When a step out of line means a fight to the death…

London 1967. A working girl is brutally murdered in a Soho club. Rina Walker takes out the killer and attracts the attention of a sinister line-up of gangland enforcers with a great deal to prove.

When a member of British Military Intelligence becomes aware of her failure to fulfil a contract issued by an inmate of Broadmoor, he forces her into the deadly arena of the Cold War, with orders to kill an enemy agent.

Rina needs to call upon all her dark skills, not simply to survive but to protect the ones she loves.

 

 

Guest post

Today I am happy to share a guest post, written by the author. Enjoy!

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Background to the Rina Walker Series

 

 

I have always collected the black and white photographs of Roger Mayne and Bert Hardy who captured so many evocative images of the poverty and dilapidation of the post-war inner cities.
Roger Mayne’s series depicting the street life of Notting Hill and North Kensington in the 1950s I  found particularly evocative, with Teddy Boys in their drainpipe trousers and drape jackets, andTeddy Girls in pencil skirts and tailored jackets with velvet collars, strutting their stuff, while raggedy little kids in threadbare clothes play football and hopscotch, or gather on the steps of the tenements.
I became familiar with this world when I lived in Notting Hill as a student, in the early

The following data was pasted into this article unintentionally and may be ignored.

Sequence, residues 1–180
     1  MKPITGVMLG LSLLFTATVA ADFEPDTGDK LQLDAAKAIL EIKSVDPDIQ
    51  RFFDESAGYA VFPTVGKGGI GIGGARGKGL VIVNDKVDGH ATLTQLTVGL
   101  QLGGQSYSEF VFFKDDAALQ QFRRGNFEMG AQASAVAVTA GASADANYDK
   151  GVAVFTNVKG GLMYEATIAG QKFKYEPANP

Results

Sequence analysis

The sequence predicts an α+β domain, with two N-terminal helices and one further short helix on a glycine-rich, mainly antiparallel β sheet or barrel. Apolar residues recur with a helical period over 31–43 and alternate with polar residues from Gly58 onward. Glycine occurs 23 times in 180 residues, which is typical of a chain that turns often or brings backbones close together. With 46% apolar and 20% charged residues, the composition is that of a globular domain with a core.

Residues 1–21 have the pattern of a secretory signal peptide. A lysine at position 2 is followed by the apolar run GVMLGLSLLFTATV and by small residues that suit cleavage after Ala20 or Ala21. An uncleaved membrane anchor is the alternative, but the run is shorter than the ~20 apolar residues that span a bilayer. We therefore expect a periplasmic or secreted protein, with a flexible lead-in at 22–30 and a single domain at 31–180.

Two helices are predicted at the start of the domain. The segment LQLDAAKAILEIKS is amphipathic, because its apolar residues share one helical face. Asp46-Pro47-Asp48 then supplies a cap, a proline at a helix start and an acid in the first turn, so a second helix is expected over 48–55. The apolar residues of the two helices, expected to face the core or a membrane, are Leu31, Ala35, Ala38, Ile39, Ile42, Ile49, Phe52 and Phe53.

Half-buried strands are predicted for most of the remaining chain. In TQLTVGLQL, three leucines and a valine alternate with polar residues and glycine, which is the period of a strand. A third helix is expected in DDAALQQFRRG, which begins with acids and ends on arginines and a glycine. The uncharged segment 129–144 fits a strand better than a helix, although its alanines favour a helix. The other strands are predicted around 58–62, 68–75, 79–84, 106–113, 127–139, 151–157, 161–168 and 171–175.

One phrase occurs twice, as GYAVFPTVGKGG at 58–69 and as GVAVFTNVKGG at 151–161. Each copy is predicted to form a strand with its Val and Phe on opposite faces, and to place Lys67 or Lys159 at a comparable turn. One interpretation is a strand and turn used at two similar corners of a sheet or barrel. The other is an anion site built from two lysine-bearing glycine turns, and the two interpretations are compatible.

1960s, also with the occasionally dangerous atmosphere of the pubs and clubs of the area where there’d often be a group of men in dark suits and Fedora hats, that one would treat with caution.
With racial tension very much alive, in the period preceding the Notting Hill Race riots there was frequently a certain tension in the air.
It was in this neighbourhood and this kind of poverty that I imagined my heroine Rina
Walker growing up, the daughter of a recently murdered gangster and and alcoholic mother, forced into a life of crime at an early age in order to care for and support her two younger siblings and all too soon acquiring the skills and expertise of a contract killer.

Thank you, Hugh Fraser and LoveBooksTours

 

About the author

Hugh Fraser is best known for playing Captain Hastings in Agatha Christie’s ‘Poirot’ and the Duke of Wellington in ‘Sharpe’. His films include Patriot Games, 101 Dalmatians, The Draughtsman’s Contract and Clint Eastwood’s Firefox. In the theatre he has appeared in Teeth’n’Smiles at the Royal Court and Wyndhams and in several roles with the Royal Shakespeare Company. He also composed the theme to Rainbow!

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